CoSyst award: Second round

The second round of CoSyst awards were made in March 2008 and a total of £74,445 was allocated.

The applications funded were as follows:

  • £11,661 to Jan Strugnell, Department of Zoology, University of Cambridge, and Phillip Watts, University of Liverpool, Gene flow, adaptation and speciation in Antarctic octopus: consequences of climate change.
  • £5,690 to James Cotton,, School of Biological and Chemical Sciences, Queen Mary, University of London, and Tobias Hill, Department of Zoology, The Natural History Museum, London, A Novel Computational Approach to Bacterial Phylogenomics.
  • £12,424 to Philip Wigge, Dept of Cell and Developmental Biology, John Innes Centre, and David Roberts, Royal Botanic Gardens, Kew, Orchid-TEMPEST (Temperature Perception and Signal Transduction).
  • £9,555 to Bryony Williams, School of Biosciences, University of Exeter, and Gareth Griffith, Institute of Biological Sciences, Aberystwyth University, Molecular evolution of Rozella allomycis: A primordial parasitic fungal lineage?
  • £6,657 to Ralf Stanewsky, School of Biological and Chemical Sciences, Queen Mary, University of London, and Simon Coppard, Department of Zoology, Natural History Museum, London, The circadian clock regulates sea urchin lunar spawning rhythms to avoid hybridization.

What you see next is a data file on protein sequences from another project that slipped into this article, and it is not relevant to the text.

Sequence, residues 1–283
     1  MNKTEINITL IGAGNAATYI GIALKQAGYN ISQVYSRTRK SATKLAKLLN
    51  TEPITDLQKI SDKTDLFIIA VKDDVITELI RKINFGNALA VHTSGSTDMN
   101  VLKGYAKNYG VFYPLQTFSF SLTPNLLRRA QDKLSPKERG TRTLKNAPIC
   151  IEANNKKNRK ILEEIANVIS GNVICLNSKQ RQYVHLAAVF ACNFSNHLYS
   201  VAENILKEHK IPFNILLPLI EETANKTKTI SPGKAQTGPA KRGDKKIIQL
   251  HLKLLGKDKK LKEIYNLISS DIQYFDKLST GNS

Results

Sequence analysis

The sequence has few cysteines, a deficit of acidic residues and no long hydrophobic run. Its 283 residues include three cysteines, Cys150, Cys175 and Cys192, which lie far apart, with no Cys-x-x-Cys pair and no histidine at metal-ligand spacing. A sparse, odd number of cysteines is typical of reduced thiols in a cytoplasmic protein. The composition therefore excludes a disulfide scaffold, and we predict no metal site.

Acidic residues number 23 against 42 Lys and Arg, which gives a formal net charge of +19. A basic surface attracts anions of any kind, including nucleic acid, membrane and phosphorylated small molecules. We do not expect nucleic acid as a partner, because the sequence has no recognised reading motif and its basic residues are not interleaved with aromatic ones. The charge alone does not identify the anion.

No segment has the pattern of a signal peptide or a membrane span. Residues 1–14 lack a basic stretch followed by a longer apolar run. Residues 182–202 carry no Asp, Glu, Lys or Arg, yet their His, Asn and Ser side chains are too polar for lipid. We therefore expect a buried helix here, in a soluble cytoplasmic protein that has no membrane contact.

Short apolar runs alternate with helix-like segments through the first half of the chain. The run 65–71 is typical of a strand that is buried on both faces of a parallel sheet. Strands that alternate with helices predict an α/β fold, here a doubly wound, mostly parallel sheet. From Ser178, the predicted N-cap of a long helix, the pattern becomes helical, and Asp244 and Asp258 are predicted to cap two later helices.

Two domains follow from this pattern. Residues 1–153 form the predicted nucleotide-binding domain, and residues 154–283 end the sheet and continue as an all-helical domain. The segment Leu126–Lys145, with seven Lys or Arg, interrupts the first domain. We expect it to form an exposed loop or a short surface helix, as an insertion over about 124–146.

• £3,468 to Noel Ellis, John Innes Centre, and Toby Pennington, Royal Botanic Garden Edinburgh, The Molecular Basis of Tendril Diversity in Legumes.
  • £5,130 to Martin Bidartondo, Royal Botanic Gardens, Kew, and Jeff Duckett, Queen Mary, University of London, Evolutionary ecology of liverwort-fungal symbioses: molecular, experimental and functional analyses.
  • £10,200 to Simon Creer, School of Biological Sciences, Bangor University, Sara Goodacre, School of Biology, Institute of Genetics, Nottingham University, Advancing mitogenomics via ultrasequencing: A case study in the diverse Araneae order.
  • £9,460 to Richard Bateman, Jodrell Laboratory, Royal Botanic Gardens Kew, and Beverley Glover, Plant Sciences, University of Cambridge, Genetic and structural basis of co-evolution of bee orchids and their pollinators.